Bill increasing depositor insurance gets House OK

THE House of Representatives on Thursday approved on third and final reading a measure empowering the state-run Philippine Deposit Insurance Corp. (PDIC) to increase the maximum deposit insurance coverage (MDIC).

Voting 185-6-1, lawmakers approved House Bill (HB) 8818 grants the PDIC the power to increase the MDIC to amount indexed to inflation or other economic indicators, subject to review and/or adjustment every three years.

The bill will be transmitted to the Senate for its own deliberations.

Currently, the MDIC has stood at only up to P500,000 per depositor per bank.

Under HB 8818, the state-run deposit insurer will become an attached agency of the Bangko Sentral ng Pilipinas.

It also empowers the PDIC to issue rules and establish separate insurance funds and insurance arrangements or structures, taking into consideration the peculiar characteristics of islamic banking and other deposit products as defined by the BSP.

The bill also designates PDIC as statutory receiver of BSP-supervised non-bank instiutions with deposits or products covered by deposit insurance.

The measure restricts the power to conduct bank examination to cases where there is a finding of fraud or unsafe or unsound banking related to deposit taking or a failure of corrective action, such action by PDIC is deemed approriate and necessary by BSP.

It also clarifies the applicability of Repubic Act 7656 or the Dividend Law by defining what constitutes income from other sources.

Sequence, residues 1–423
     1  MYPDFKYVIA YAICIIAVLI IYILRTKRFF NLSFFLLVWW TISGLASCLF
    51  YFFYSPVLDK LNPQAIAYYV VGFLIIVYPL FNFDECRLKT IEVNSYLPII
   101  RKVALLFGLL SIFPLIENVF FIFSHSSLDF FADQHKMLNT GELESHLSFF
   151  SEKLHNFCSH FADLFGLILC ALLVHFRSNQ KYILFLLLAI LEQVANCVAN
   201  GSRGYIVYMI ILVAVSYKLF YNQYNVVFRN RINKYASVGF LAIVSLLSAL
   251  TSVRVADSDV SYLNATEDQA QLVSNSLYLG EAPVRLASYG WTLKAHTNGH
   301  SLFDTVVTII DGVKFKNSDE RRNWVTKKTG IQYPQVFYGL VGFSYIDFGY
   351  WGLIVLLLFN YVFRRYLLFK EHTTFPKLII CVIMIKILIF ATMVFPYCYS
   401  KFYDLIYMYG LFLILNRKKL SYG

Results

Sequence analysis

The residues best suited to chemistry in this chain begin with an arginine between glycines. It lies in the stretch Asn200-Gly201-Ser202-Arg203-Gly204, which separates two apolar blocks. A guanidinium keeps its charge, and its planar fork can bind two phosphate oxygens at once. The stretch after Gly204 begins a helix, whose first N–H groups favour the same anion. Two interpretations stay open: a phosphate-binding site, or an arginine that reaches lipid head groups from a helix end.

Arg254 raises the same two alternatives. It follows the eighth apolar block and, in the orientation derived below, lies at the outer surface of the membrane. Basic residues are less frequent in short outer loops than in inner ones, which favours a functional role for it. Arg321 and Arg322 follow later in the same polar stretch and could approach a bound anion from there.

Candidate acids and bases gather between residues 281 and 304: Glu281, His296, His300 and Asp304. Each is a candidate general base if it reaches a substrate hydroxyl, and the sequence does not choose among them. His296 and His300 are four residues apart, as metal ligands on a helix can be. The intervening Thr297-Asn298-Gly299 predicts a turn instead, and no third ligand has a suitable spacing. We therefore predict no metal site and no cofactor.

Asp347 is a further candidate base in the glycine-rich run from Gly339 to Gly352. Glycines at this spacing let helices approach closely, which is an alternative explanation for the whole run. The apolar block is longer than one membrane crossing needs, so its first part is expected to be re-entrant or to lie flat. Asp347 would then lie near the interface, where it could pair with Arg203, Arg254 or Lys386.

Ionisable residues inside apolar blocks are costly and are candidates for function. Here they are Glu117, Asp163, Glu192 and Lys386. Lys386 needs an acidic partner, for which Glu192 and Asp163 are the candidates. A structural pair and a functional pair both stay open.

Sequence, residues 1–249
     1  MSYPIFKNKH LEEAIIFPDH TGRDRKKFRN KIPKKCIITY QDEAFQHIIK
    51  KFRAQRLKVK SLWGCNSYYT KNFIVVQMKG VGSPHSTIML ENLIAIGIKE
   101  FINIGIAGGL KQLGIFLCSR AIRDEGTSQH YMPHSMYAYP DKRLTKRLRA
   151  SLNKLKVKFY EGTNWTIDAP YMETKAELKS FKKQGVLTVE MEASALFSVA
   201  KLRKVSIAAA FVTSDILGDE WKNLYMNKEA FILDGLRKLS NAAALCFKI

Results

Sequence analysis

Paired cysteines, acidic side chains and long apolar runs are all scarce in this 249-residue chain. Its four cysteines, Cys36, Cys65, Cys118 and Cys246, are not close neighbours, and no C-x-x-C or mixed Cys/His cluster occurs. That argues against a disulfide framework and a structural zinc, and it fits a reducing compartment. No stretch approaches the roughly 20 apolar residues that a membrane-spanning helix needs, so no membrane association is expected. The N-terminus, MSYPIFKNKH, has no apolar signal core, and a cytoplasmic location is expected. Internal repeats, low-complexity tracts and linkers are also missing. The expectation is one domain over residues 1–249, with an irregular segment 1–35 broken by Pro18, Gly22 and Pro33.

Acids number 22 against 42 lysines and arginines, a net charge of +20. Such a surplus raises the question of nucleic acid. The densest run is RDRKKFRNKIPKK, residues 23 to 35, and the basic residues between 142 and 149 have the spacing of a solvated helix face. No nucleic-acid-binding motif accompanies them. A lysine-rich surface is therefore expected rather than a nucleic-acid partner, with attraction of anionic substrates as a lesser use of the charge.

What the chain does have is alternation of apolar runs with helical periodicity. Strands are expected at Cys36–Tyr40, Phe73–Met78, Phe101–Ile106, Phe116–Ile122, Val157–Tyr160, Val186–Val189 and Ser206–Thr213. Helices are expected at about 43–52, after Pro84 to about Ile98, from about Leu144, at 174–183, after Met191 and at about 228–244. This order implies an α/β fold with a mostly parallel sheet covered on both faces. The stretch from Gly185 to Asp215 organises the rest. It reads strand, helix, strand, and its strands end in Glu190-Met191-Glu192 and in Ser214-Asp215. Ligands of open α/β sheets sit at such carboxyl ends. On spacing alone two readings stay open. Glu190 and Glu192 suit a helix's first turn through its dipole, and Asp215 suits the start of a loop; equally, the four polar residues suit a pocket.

It also removes from the PDIC the power to issue cease-and-desist orders pertaining to deposit-related unsafe and unsound banking, which power shall be vested with BSP.

House Committee on Banks and Financial Intermediaries Chairman Junie E. Cua, principal author of the proposal, said HB 8818 will also strengthen the regularoty framework of PDIC and to promote and safeguard the interests of the depositing public by providing insurance coverage on all insured deposits and helping maintain a sound and stable banking system.

In explaning his “no” vote, House Deputy Minority Leader and Bayan Muna Rep. Carlos Isagani T. Zarate said the bill only demotes the PDIC to a mere attached agency to the BSP and “yet expands its powers and indirectly amends” the Bank Deposits Secrecy Law.

“Without the presentation of an evaluation report that would warrant a demotion, the proposed bill relegated PDIC as an attached agency to the BSP. Upon the mere determination of the BSP of unsafe, unsound and unlawful banking practices, the BSP bestowed upon itself in the charter of the PDIC, the power to examine and investigate bank records,” Zarate said. “This was an authority exclusive to the PDIC but is already with the BSP.”

While also relegating the PDIC to a mere agency of the BSP, he said it expands PDIC’s authority to examine bank records that are used to be limited to cases due to capital deficiency.

“With the proposed amendment, the examination and investigations shall now include cases where the BSP finds fraud, unsafe or unsound banking,” he said.

“Whenever the BSP deems it appropriate and necessary such as when there is a finding of fraud or unsafe or unsound banking, related to deposit-taking, it will have the power to examine the records, books of accounts and require information and reports from depository institutions,” he added.

Once enacted, Zarate said the confidential nature of bank deposits are no longer effectual.

“Finally, I hope this would not result in the downsizing of employees in the PDIC. It would really be an upsetting situation if the demotion of a financially and administratively autonomous instrumentality would result in the streamlining of human resources, considering that the unemployment rate has been increasing due to the pandemic,” he added.

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